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Making A Little Money From Book Barns

Finance

Making A Little Money From Book Barns image 5346181025 3e96316732

Image by Garry Knight.

Everyone needs to make a little extra money to keep squeaking along at the moment – the problem is, it often seems like the old saying true; you need to have money to make money.

Most traditional options for investing, saving and lending are only available once you’re already fairly comfortable. That’s no help to ordinary people like you or me at all!

Fortunately, there is a fairly simple way for those in the know to make a little extra cash on the side. ‘Book barns’ are large warehouses that collect and sell many types of book for very low prices. They typically get the books for nothing or next-to-nothing, because it’s often cheaper to offload the books than to destroy them.

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The aim for the book barn is then to sell the books as quickly as possible, as cheaply as possible.

Typically they will have a section where you can pick up quite valuable hardbacks for a single pound, dollar or euro. This is where you can step in!

If you know what you’re looking for, you should be able to make a profit of between 1000% and 2000% per book. It doesn’t usually end up being a huge amount of money, but for the time and money invested it’s a great little sideline. It tipped me over the mark from barely scraping by to having to go to Choose Your Accountant for help managing my tax returns!

For reference, one example of a book barn can be seen here.

Here are three things to keep in mind while buying books from book barns, to ensure that you can sell them on for more.

1. Don’t Go For Classics

Classic works of literature are instantly recognisable, and there are often some very old hardbacks in book barns, up to around 150 years old and counting. However, unless they’re a first edition, or have some other historical value, they’re almost certainly worthless.

Trust me, you will not find a first edition in a book barn* – they have their own people to check for things like that! We’re here to make a handy couple of hundred a month, not hope for a hundred thousand that we’ll probably never see.

It seems counter-intuitive, but the more popular (and in some cases the better) the books in book barns are, the less likely it is that they will end up making you money.

There are millions of copies of Dickens out there, but if you can find a mediocre Victorian potboiler, or an edition of a moderately well-known historical-figure’s diary you’re much more likely to have stumbled upon a rare slice of life that somebody out there would really like to get their hands on.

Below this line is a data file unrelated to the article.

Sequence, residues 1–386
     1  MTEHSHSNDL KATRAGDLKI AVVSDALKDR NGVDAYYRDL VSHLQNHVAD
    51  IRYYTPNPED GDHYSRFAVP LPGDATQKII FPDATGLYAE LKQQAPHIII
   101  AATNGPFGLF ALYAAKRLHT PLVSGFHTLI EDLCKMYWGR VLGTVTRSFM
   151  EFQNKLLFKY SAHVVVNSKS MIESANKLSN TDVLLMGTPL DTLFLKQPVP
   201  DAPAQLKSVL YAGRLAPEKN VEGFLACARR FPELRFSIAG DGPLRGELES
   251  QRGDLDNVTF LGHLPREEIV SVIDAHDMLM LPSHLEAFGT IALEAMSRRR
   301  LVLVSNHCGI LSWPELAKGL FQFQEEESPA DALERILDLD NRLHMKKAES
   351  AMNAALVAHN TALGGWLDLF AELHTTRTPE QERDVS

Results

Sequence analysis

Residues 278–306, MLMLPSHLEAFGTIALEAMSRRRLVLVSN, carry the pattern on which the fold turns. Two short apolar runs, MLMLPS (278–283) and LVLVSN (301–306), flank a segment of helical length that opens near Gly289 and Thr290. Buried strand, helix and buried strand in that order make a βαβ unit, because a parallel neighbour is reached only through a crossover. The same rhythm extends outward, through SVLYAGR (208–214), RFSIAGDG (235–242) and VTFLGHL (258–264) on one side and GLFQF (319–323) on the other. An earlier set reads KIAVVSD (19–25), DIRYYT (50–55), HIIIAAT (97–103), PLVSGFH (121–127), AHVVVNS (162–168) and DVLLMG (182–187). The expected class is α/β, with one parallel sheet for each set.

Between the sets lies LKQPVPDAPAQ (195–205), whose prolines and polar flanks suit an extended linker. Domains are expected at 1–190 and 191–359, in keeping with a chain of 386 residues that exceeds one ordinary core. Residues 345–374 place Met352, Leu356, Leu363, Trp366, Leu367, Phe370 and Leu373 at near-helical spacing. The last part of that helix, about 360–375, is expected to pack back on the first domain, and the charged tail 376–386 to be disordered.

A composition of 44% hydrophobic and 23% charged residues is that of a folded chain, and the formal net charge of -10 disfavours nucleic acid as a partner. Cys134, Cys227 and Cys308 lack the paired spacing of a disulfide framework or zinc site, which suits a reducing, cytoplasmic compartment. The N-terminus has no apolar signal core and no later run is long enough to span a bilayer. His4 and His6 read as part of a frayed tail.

*OK, you might find a first edition in a book barn on occasion, but the chances are vanishingly small.

2. Make Sure It’s Not Part Of A ‘Series’

For the same reason, make sure the book you have your eye on is not from a well-known literary series of books. Everyman’s Library and similar organisations made a lot of money by selling books in high quantities, on the cheap.

Many Everyman’s Library editions, and editions from Everyman’s competitors, will also be classics. A double-foul.

It’s worth being sceptical, as a book in the Everyman’s Library series, or similar, is almost invariably as good as worthless.

3. Look For Historical Value

Novels and textbooks can, in some cases, if you know what you’re doing, hold some value.

The main reason that these books hold value, though, is that they are interesting in some historical context.

Academics of many kinds, not just historians, are often looking for primary sources and interesting texts that shine a light on what life was like in some small way.

The letters of an eccentric minor scientist might hold some real interest for a modern scientist, a professor of English Literature interested in science fiction’s origins, a psychiatrist might be interested in accounts of exorcisms… the list goes on and on. Seemingly unimportant books can be worth a fairly decent chunk of your rent to a surprisingly diverse array of people.

Journals, letters, essays and polemics can all be sold on for much more than you bought them for. Seek these out, place them on an online bookselling site, and see if anyone’s interested.

The signs of high value are fairly obvious when you know what to look for. The golden rule, if you’re not quite sure, is to see if you can use an internet café, or if you have one your own computer, to check how much your latest find is worth.

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